Today's lesson is going to combine some geometric concepts with our new 3D outlook to create an equation of a sphere. Like yesterday's lesson, I have carefully structured the questions on the in-class task worksheet so that students can investigate and make conclusions on their own without me just giving them the formula. Today and yesterday's lesson are very geometric in nature, and would make a good extension for Geometry students who like a challenge.
Precalculus students have a lot of background information about spheres so today's task worksheet can be given to students without much introduction. I have students work in their table groups and give them about 15 minutes to work on it. The most important part about the front side of the worksheet is that students are using the 3D distance formula from yesterday to relate the radius to the distance between the center and a point on the circle. While going around the room I focus on that key idea and work with groups who are off track.
While students work in their table groups, I will select students to write their answers for #3-5 on the board. It is up to you whether you choose students to write down correct or incorrect answers on the board. If I notice something that will be a common mistake or see a mistake that would start a good discussion, I will often ask the student to put their answer on the board. It is somewhat anonymous so when we discuss the mistake, we do not have to single out the student since they wrote it while everyone was working in their groups.
These answers will be the jumping off point for our discussion and my hope is that students will see the pattern in these responses (really drawing on MP7 and MP8). Once we discuss the overall structure of the distance formula in 3D and its application to these problems, I will lead a discussion about how every point on the sphere must be equidistant to the radius. Thus, we can replace the specific numerical points with (x, y, z) and make a general equation to represent any sphere.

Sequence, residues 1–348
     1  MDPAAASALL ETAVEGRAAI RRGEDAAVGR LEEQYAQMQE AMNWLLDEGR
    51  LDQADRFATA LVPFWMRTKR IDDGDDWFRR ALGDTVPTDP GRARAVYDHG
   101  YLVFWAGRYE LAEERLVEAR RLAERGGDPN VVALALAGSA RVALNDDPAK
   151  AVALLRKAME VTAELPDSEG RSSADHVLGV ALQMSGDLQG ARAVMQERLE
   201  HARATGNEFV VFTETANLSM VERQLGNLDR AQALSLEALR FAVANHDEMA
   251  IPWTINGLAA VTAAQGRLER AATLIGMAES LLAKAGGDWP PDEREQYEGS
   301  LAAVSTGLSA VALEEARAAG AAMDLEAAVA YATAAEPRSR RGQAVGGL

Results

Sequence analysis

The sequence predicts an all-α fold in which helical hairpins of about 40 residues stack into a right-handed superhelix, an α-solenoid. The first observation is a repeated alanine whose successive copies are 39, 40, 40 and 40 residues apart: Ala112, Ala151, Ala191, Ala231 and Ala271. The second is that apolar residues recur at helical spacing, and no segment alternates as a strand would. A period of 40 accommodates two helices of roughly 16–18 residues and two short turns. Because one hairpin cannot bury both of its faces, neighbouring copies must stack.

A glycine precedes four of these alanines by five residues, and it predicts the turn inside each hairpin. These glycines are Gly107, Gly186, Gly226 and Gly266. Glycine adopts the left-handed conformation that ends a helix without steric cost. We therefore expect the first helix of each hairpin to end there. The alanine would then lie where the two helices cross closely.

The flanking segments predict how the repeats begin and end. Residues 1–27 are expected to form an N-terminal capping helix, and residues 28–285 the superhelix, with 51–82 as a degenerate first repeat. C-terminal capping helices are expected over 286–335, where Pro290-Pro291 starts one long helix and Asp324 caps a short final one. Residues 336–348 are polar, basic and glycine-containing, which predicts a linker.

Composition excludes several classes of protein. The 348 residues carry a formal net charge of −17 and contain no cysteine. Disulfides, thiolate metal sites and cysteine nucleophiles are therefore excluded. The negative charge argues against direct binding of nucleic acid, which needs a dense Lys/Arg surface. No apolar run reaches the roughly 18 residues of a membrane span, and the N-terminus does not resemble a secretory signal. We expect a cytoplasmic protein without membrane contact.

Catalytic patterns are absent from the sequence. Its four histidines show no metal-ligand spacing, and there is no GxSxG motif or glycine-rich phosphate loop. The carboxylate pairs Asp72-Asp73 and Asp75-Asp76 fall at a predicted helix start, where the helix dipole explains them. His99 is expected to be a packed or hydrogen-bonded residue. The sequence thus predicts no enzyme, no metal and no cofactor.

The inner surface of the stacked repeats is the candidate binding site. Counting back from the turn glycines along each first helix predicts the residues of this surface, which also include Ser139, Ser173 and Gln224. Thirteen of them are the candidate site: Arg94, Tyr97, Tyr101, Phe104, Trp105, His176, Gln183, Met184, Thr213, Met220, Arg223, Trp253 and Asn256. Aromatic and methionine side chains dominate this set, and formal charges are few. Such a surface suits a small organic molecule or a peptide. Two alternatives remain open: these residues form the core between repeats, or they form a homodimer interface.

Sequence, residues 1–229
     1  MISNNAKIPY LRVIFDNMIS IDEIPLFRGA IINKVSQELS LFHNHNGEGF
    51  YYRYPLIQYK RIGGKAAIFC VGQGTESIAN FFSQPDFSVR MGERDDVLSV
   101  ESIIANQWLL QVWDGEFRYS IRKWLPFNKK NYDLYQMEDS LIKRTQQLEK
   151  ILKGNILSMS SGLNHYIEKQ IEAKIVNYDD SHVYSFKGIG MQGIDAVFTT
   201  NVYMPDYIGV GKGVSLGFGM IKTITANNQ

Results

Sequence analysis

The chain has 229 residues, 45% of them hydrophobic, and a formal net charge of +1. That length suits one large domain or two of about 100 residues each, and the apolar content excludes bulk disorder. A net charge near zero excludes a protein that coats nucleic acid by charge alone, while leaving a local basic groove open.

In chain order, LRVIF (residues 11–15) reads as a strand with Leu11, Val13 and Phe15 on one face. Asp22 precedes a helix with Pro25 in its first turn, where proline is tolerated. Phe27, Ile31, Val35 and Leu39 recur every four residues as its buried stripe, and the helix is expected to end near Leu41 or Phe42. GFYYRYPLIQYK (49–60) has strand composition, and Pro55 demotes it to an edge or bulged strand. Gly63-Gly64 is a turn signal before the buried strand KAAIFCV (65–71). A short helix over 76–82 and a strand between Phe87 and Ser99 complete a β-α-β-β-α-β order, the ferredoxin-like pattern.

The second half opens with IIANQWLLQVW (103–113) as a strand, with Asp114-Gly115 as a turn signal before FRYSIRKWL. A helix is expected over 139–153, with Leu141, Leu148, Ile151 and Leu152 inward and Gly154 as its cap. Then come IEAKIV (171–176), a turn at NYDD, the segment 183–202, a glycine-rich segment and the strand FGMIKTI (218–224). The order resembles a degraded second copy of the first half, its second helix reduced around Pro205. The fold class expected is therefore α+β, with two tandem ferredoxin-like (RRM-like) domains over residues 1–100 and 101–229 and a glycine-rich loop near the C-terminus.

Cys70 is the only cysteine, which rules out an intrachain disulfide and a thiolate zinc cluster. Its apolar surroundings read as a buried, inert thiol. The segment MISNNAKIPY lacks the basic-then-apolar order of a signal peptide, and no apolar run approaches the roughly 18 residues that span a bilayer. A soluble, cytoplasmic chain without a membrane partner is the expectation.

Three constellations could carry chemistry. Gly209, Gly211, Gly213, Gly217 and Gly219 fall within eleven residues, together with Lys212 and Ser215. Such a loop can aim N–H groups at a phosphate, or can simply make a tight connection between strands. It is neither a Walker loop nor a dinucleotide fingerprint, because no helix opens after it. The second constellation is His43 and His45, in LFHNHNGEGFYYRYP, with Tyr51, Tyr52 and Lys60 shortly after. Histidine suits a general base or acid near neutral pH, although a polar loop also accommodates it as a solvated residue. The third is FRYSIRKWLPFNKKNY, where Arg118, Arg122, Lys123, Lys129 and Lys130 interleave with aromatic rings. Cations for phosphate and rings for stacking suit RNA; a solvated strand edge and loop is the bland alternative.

All students may not get through questions #8 and 9 (about the trace of a sphere) on their own, so I definitely intervene and we talk about these problems. I will choose students who got the questions correct and have them describe their approach to these problems. If you need some tips on explaining how to find the trace of a sphere to your students, you can watch the video below.
When I teach this lesson to my students, there are always a few students who think that the sphere formula should have exponents that are threes. It makes sense- if the circle formula has exponents that are twos and it is a two-dimensional shape, shouldn't the sphere have all exponents that are three? I usually end class by thinking about this question. I will pose it to my students and have them discuss it in their table groups. Then we will share out together. I think this a good summative question for the lesson and gets them focused on the fact that all we used was the distance formula to find this formula.
To end class, I will give students this homework assignment and have them start it in class if there is time.